I used to get a lot of foot blisters as a teenager (more from poor choice of footwear than bad luck in the foot blister department) and I always found the Compeed blister plasters particularly helpful. They're much thicker and softer than the average plaster and the extra cushioning really helps with the pain when you've got foot blisters but still need to carry on wearing shoes and walking around.
posted by terretu at 3:36 AM on May 29, 2021 [1 favorite]

There's basically two sorts of foot cream: the glycerin-based ones, and the urea-based ones. I personally don't like the glycerin-based ones, as I find them both too greasy and useless for my very dry feet. I use strictly urea-based creams. Now I make my own (Memail me if you want the recipe!), but before I did I really liked Scholl's Cracked Heels Repair Cream, which is 25% urea.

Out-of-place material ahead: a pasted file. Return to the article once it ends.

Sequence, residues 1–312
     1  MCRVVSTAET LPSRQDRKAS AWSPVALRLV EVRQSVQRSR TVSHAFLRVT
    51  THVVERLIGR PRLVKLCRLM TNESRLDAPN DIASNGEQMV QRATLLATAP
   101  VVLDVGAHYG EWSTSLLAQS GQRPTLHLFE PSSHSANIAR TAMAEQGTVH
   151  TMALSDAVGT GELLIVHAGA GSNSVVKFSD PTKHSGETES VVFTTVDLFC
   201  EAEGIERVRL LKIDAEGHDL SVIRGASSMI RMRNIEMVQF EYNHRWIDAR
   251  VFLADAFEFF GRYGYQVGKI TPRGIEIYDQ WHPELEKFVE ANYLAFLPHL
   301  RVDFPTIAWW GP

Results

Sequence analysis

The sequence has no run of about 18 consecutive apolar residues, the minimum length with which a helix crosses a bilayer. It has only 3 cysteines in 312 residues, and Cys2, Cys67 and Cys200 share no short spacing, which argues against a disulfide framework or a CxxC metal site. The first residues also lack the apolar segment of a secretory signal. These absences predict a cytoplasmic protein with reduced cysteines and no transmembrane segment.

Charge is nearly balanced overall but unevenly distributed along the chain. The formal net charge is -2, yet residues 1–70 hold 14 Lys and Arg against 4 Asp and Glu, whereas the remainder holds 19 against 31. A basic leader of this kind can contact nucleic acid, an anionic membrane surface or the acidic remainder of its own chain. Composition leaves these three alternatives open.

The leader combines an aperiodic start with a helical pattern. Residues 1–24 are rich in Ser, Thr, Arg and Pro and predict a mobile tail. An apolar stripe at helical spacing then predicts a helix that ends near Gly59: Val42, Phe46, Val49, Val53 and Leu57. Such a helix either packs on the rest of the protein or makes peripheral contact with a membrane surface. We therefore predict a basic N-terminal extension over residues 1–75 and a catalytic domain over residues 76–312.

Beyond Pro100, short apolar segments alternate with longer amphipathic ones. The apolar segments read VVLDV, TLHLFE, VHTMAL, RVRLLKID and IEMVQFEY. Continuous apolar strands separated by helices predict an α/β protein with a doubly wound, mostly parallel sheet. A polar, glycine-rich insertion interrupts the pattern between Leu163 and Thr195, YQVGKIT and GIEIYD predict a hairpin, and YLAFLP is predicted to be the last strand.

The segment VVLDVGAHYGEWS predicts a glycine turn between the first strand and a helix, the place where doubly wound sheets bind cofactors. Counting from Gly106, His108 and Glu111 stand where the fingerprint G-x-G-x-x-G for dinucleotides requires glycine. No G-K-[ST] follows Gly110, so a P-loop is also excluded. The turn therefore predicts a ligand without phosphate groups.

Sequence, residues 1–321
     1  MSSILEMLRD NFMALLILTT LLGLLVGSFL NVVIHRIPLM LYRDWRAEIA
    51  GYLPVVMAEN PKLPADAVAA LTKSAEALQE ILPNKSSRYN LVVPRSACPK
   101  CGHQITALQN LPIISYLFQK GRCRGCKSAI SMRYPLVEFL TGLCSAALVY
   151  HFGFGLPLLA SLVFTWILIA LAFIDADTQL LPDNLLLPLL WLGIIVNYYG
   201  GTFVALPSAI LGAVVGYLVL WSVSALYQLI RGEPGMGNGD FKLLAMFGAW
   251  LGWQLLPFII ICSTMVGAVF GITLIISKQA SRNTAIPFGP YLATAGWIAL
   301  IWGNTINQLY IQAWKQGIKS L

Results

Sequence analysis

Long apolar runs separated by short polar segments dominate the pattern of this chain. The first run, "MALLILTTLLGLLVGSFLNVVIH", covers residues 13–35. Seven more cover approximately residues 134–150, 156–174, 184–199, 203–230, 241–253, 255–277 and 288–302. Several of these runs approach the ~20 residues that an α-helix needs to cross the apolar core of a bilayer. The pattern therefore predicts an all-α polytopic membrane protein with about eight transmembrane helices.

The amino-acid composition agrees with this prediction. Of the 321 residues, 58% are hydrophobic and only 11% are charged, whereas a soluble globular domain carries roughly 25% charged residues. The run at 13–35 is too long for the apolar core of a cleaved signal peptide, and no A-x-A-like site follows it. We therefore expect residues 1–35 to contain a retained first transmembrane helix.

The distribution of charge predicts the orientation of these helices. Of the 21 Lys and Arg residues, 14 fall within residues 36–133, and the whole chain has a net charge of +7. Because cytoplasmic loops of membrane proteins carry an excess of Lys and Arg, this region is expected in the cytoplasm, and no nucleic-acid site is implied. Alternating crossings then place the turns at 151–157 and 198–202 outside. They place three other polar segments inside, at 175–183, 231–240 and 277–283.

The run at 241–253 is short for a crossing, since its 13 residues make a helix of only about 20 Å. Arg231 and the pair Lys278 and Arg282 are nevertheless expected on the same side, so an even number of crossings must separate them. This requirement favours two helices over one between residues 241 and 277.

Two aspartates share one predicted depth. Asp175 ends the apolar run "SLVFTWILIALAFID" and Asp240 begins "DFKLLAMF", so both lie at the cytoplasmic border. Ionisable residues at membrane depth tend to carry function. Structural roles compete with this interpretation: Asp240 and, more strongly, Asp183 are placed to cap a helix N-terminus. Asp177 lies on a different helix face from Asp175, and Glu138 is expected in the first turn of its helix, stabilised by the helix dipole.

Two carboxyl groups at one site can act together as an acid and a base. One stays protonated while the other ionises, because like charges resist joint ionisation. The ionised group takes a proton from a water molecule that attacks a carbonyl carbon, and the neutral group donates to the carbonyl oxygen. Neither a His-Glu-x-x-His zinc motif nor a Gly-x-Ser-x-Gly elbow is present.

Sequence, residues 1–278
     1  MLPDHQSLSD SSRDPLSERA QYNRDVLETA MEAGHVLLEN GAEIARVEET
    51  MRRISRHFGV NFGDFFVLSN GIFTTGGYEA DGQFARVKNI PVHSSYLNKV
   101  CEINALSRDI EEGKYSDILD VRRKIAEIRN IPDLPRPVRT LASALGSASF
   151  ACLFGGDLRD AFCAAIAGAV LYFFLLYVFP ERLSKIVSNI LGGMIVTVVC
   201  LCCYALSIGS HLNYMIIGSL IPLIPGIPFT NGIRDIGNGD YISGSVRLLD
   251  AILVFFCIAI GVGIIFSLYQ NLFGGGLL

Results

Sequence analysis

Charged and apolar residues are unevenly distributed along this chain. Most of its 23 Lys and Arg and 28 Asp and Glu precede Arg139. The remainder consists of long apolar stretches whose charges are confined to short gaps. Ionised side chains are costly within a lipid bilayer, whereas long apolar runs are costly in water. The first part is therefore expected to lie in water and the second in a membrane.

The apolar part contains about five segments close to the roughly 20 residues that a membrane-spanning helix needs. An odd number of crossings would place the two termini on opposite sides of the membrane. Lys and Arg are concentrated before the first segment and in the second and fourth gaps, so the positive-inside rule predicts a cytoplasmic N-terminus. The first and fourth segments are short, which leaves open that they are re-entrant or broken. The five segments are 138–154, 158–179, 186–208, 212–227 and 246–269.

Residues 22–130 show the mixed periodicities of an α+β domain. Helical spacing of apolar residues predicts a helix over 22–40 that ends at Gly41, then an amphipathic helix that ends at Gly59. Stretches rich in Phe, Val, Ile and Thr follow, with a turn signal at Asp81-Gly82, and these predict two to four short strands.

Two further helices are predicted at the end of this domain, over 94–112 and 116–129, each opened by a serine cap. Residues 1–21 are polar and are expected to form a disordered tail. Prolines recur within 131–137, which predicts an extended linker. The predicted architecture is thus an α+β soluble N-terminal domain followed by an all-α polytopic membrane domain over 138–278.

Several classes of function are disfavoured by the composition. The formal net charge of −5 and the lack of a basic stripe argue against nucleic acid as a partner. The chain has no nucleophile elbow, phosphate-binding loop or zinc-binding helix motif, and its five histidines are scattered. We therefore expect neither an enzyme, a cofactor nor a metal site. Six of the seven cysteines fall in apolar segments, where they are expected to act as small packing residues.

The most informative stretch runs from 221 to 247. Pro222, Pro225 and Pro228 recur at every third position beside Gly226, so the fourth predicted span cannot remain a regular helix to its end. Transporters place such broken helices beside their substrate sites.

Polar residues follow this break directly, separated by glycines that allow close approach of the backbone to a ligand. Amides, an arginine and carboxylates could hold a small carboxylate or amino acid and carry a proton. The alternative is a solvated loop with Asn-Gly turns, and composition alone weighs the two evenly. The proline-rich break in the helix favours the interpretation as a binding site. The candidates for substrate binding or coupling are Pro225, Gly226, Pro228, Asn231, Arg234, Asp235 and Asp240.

Depending on what foot cream you used, it might be worth checking the other type.
posted by snakeling at 5:13 AM on May 29, 2021

Rocktape Blister Kit
posted by SageTrail at 6:32 AM on May 29, 2021

In my experience quality leather boots combined with wool socks (I like darn toughs for socks, a bit spendy but they're great and lifetime warranty) is a good combo for dry blister prone feet. The socks wick moisture and the leather is much better at eventually getting to the form your feet and gait require. Leather gets way less smelly that fabric and that tells me it tends to harbor less of the bacteria from sweat and foot detritus that can make any blisters that form more likely to get infected.